Decline in Cash Sales May be Leveling Off

News

The share of cash sales appears to be holding fairly
steady
, even as investors pull back from the residential market (NAR put the
investor share of sales at 12 percent in November) and sales of owned real
estate (REO) and short sales decrease to low single-digit levels.

CoreLogic reports that the share of home sale
transactions that were all cash in September was 31.7 percent. This is only a
1.3 percentage point decrease from September 2015 and, at that rate of decline,
CoreLogic now estimates the cash share will return to the pre-crash average
rate of 25 percent by mid-2019.  Cash
sales peaked in January 2011 at 46.6 percent.

Only 4.7 percent of home sales were from REO
inventories in September, but 59.4 percent of those sales were all cash.  Sales of existing homes (resales) had a 31.7
percent cash share while short sales, representing 2.7 percent of sales, had a
cash share of 31.2 percent.  The cash
sales share for newly constructed homes was 15.5 percent.

 

 

The
7.3 percent of all sales that were accounted for by REO and short sales was 2.8
percentage points below the share in September 2015, and were the lowest share
for any month since September 2007
. At
its peak in January 2009, distressed sales totaled 32.4 percent of all sales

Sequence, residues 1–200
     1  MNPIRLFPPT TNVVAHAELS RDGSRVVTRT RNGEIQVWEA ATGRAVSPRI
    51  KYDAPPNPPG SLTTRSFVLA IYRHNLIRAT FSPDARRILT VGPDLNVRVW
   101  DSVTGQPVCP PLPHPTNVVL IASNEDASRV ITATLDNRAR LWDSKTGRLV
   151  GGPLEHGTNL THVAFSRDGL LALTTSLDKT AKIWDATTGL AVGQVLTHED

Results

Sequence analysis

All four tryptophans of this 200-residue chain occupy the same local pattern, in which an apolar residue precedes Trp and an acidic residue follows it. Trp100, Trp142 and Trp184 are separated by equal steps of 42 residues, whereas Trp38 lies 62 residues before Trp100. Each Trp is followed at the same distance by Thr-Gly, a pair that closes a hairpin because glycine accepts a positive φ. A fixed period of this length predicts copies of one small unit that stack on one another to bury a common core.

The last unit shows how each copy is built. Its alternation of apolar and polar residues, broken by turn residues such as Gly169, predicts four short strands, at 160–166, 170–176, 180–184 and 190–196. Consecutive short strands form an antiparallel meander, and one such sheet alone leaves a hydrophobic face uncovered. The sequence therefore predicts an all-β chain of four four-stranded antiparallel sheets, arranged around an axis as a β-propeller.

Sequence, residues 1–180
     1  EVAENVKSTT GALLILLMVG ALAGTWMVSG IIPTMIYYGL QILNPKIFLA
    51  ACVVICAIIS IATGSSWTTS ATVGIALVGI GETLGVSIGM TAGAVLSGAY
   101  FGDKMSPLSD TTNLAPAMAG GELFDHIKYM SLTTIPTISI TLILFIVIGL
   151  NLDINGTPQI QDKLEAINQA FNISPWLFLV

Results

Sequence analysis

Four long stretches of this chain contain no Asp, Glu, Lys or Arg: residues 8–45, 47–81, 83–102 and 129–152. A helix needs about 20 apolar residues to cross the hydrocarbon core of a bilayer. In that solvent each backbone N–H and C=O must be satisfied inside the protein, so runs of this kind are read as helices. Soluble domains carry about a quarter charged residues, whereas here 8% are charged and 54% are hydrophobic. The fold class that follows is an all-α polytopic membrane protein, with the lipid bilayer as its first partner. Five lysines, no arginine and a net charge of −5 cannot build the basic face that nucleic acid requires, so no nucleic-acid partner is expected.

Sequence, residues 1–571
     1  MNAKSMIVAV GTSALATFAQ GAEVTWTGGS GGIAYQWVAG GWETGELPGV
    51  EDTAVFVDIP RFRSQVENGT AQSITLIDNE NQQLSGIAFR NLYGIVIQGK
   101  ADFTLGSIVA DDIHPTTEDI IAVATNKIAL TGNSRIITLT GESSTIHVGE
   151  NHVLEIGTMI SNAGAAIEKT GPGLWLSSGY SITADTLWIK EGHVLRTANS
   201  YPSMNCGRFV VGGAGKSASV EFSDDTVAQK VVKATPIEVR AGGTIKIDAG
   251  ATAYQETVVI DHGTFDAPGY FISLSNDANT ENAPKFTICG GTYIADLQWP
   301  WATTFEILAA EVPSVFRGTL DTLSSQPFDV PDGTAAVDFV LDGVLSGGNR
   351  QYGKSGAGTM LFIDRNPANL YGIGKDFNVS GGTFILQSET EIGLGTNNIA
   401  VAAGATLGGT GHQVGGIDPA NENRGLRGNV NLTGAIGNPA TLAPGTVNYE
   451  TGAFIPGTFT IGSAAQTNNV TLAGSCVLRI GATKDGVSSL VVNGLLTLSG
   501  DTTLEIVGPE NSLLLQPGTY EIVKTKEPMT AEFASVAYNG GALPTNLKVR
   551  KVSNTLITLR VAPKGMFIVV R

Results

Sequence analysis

with REO sales representing 27.9 percent. The pre-crisis share of distressed
sales was traditionally about 2 percent. If the current year-over-year decrease
in the distressed sales share continues, it will reach that “normal”
2-percent mark in mid-2018.

All but nine states recorded lower
distressed sales shares in September 2016 compared with a year earlier.
Maryland had the largest share of distressed sales of any state at 18.9 percent
in September 2016, followed by Connecticut (18.4 percent), Michigan (17.6
percent), New Jersey (15.9 percent) and Illinois (15.1 percent).

Figure 3 shows the cash sales share
by state for September 2016. Alabama had the largest cash sales share of any
state at 47.6 percent, followed by West Virginia (45.8 percent), New York (45.3
percent), Florida (41.6 percent) and Indiana (40.9 percent).

 

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